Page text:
First up to disturb the market from its slumber is the US PPI data, a measure of inflation at the factory gate.
Any sign of cooling will be treated as confirmation of the need for the Fed to ease off on interest rate rises. Such an outcome would light a fire under stocks and crypto prices.
Conversely, if producer price inflation continues to heat up, then expect risk assets to resume their sell-off.
PPI inflation comes in lower than August reading
Well the data is in and Core PPI month-on-month rose at double the level expected, by 0.4% as opposed to the 0.2% forecast.
Meanwhile, year-on-year headline PPI was 8.5%, hotter than the 8.4% forecast, although that is down from 8.7% in the previous month (August) – and that last point seems, initially, to be the key takeaway for the market.
As such, reaction so far is fairly positive – Bitcoin remains largely unchanged, but could move higher if equities can pick up some positive momentum.
The S&P 500 is up 0.2% to 3595, the Dow 61 points higher and the Nasdaq 0.38% the better at 10468.
Elsewhere, the UK 30-year government bond sell-off has picked up, with yields accelerating upwards 23 basis points to 5.00% (more on the UK financial crisis below)
But the PPI data is the warm-up act for the main show, which is the US consumer price index (CPI) inflation data release on Thursday.
FOMC minutes could stir up the crypto market
However, even before those hotly anticipated numbers are released, market participants will be provided with plenty to ruminate over when the Federal Open Market Committee (FOMC) releases the minutes from its 21 September meeting at 18:00 UTC.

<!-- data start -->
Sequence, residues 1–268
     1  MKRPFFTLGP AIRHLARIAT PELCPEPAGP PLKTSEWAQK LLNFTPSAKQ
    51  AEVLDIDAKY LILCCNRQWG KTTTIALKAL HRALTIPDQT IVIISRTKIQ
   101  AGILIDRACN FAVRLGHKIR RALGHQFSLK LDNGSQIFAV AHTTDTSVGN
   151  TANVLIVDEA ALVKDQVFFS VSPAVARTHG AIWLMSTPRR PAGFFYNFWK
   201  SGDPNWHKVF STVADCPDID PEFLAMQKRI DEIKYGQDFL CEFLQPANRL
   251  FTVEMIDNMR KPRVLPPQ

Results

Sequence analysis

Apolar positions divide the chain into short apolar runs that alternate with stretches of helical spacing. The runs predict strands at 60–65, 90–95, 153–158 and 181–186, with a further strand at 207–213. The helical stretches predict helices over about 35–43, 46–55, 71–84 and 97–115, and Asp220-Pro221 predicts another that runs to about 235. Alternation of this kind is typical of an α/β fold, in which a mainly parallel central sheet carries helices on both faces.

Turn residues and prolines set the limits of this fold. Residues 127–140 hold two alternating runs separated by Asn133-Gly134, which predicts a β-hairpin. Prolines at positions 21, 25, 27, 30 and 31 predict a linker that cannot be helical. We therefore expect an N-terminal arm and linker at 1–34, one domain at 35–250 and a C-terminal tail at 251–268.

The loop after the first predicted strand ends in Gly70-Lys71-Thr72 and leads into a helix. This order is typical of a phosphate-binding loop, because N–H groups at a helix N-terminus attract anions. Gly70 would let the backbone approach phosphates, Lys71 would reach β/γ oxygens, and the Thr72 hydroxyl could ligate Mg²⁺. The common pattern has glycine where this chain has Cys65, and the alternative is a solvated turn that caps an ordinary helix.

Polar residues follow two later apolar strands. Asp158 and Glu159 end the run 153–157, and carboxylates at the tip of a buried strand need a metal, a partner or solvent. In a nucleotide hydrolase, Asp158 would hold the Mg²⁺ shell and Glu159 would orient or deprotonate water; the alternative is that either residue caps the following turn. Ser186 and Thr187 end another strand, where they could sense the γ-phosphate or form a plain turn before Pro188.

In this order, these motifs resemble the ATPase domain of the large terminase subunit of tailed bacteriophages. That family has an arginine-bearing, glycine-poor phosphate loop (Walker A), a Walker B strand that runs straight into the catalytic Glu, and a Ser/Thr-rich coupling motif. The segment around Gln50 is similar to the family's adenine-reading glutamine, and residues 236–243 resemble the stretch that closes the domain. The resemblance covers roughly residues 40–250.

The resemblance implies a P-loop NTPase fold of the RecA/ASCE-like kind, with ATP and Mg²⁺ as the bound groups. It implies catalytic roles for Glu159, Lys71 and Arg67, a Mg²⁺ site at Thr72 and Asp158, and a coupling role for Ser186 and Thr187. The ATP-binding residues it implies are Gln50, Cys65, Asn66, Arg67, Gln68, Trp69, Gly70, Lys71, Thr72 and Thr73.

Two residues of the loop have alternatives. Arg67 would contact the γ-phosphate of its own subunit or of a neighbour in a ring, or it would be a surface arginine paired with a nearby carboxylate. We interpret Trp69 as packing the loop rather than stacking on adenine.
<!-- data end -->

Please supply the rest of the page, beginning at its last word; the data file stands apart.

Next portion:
The minutes will likely show that there is a firming consensus around the need for a 75 basis points rates hike in November.
Fed watchers will be looking for any changes of language that could be interpreted as either a hardening of hawkishness or a willingness to pivot away from such a trajectory, should incoming data indicate that inflation might be starting to weaken.
An area of possible disagreement though, or at least a lack of alignment, will be over the terminal rate – in other words the rate which will mark the peak of the hike cycle.
According to Refinitiv data, the consensus forecast for the terminal rate now stands at 4.45%, way-off the earlier projections made in August that targeted 3.7%. The date for the terminal rate is assumed to be the 22 March 2023.
Any hints at the terminal rate coming later than expected and at a higher level will prompt selling in both the stock and crypto markets.
Some economists think the terminal rate will be nearer 5%. Either way, the FOMC minutes could throw some light on the thinking of its members.
Bitcoin is holding its value better than UK government inflation-linked bonds right now
Perhaps the most striking observation to be made on market conditions in crypto over the past few weeks, has been the relatively stability, especially when appraised alongside that of other asset classes.
Take UK government bonds for example, where the trauma in those markets continues, perhaps coming to ahead on Friday when the Bank of England says – although the signals are confusing the market – that it will end its bond purchase at the long end of the curve (30-year bond maturities).
Take a look at this chart from a recent Financial Times story:
The chart shows the bitcoin price is down 67% since November 2021 but the UK inflation-linked maturing in 2073 is down nearly 80%.